Riley, editor of the Star Democrat newspaper, said von Brunn arranged in 1994 for a local public-access cable channel to run a Canadian-produced documentary on the "myth of the Holocaust." Von Brunn had paid for an ad in the paper promoting the show, but someone objected when he sought to have it published again.
Von Brunn and Riley faced off. Her father, an Army medic, had helped liberate a Nazi concentration camp, and snapshots of bodies piled atop one another had haunted her since childhood.
"I said that I found it incomprehensible that someone who said he had fought in that war could be spouting this junk," Riley said. "He turned toward me and almost hissed and said, 'Mrs. Riley, how do I know your husband isn't a Jew?' " The anger escalated into a brief tussle as von Brunn tried to grab a notebook from a reporter and then was escorted from the building.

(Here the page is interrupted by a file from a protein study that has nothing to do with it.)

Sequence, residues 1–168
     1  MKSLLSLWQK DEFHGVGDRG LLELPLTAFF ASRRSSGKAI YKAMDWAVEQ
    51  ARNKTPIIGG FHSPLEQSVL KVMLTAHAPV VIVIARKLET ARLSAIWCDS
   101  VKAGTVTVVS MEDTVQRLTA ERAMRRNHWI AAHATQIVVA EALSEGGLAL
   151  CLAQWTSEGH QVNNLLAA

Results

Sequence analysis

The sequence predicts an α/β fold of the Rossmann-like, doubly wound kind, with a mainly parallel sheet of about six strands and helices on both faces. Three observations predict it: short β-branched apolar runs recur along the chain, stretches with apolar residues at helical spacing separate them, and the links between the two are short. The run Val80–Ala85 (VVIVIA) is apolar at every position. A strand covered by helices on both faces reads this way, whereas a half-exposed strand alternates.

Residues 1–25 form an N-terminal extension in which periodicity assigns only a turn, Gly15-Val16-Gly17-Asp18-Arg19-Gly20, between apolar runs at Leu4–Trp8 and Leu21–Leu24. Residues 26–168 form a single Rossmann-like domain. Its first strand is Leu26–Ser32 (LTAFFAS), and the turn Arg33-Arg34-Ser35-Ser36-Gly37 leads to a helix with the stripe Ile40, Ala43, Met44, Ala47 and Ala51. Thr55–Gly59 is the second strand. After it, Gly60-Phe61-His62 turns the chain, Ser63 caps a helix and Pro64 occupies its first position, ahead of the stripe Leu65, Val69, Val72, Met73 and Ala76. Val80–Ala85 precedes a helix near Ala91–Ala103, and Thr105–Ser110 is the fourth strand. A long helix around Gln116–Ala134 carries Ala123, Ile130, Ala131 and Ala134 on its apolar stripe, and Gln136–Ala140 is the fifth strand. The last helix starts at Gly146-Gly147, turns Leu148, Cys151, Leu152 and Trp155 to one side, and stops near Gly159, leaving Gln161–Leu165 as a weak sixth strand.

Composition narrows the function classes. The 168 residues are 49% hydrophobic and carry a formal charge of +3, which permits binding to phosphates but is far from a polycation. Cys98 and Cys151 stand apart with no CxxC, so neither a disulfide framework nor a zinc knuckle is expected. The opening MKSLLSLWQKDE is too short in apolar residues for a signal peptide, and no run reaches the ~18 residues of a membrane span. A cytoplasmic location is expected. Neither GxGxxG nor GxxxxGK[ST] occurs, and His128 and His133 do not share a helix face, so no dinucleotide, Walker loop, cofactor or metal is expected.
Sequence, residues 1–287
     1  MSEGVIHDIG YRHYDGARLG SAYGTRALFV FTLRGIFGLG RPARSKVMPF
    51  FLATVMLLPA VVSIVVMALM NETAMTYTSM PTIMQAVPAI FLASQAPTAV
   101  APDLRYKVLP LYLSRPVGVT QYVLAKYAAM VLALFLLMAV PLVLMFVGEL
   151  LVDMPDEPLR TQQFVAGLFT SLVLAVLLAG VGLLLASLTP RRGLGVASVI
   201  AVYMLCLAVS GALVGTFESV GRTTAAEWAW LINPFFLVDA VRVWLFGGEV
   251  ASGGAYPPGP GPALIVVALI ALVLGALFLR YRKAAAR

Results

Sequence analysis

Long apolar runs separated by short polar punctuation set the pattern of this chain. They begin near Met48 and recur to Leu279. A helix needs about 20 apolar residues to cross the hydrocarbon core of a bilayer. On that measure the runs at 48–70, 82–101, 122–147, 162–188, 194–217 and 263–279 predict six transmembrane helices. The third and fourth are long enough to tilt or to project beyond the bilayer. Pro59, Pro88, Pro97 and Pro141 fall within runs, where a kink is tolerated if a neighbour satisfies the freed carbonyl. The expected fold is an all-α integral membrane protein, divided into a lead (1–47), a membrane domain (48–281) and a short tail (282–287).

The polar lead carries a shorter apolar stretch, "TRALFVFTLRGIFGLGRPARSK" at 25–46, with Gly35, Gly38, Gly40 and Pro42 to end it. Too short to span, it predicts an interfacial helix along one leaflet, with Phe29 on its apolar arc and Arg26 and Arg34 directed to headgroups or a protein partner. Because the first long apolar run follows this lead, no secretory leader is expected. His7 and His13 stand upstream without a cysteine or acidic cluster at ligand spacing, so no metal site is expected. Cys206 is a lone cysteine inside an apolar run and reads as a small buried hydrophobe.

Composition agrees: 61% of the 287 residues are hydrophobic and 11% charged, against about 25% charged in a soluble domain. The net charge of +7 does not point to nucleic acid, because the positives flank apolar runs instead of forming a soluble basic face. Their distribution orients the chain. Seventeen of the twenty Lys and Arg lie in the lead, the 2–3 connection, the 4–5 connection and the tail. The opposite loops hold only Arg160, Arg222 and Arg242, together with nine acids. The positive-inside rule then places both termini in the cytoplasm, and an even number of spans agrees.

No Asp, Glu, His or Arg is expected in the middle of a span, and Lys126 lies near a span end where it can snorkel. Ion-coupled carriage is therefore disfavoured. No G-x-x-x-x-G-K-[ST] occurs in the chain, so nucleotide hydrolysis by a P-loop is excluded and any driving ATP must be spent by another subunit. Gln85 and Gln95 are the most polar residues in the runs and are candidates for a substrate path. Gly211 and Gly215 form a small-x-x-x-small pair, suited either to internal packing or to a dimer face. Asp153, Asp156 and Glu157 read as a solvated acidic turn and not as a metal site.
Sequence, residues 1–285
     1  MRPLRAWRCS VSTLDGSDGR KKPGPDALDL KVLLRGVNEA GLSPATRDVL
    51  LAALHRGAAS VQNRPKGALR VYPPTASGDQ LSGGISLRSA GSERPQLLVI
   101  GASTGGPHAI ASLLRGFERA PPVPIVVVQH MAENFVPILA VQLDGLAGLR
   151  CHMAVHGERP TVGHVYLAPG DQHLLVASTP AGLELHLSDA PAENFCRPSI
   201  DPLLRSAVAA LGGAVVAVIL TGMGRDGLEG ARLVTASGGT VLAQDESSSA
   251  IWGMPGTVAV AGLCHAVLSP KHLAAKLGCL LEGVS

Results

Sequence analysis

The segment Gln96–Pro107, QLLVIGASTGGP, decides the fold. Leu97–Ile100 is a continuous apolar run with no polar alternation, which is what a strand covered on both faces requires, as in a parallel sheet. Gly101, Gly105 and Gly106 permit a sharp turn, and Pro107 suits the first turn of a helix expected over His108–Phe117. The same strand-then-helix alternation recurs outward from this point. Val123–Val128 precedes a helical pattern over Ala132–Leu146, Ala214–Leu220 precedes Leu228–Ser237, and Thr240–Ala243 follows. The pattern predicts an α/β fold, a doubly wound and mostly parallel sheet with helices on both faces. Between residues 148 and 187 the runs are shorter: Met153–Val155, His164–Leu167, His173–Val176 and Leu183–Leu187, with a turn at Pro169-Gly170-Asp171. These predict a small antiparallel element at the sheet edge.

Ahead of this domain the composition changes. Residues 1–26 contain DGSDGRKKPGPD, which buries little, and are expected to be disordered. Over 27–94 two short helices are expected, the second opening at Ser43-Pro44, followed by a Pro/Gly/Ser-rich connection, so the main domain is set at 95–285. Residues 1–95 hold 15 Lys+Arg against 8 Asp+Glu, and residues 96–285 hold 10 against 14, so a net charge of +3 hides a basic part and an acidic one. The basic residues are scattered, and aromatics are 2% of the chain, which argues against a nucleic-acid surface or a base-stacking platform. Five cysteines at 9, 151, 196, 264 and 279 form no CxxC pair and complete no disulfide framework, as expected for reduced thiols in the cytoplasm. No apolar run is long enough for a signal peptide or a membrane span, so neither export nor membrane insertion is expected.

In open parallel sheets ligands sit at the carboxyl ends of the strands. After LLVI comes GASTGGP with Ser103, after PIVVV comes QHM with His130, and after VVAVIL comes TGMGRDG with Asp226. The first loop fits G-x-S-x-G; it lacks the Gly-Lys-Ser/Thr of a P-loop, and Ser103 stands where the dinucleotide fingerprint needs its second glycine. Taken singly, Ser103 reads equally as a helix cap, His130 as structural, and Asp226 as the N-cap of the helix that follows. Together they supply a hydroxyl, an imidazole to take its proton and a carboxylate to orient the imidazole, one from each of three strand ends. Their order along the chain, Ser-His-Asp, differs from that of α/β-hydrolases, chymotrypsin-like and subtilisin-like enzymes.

"An incident like that is seared in your memory forever," Riley said.
He frequented the Troika Gallery, owned by Era, Newland and a third woman, Jennifer Wharton. On two occasions, his temper exploded in their shop. His work, mostly Western landscapes, some with flags and bald eagle themes, did not measure up, the owners said. Newland said he was "not only an amateur, but he was in acrylic, not oil."
When they told him it wasn't good enough for their gallery, Era said, "he went stomping out, screaming that he would never come back. But in a few months he did."
Newland and Era recalled another incident: More than a year ago, he stormed into the gallery in a fury. He had seen a bride and groom emerging from their wedding ceremony in the garden of the nearby Historical Society. One was white, the other black. Paying no mind to the customers in the gallery, he vented his anger to Wharton.
"He charged in here spewing things about race," Era said. "Jennifer told him he had to leave."
And that was the last they saw of him.
"He must have had a mental glitch, and he needed to be needed," Newland said. "But we couldn't need him."
Staff writers Michael E. Ruane, Joe Stephens, Nikita Stewart, John Wagner and Clarence Williams contributed to this report.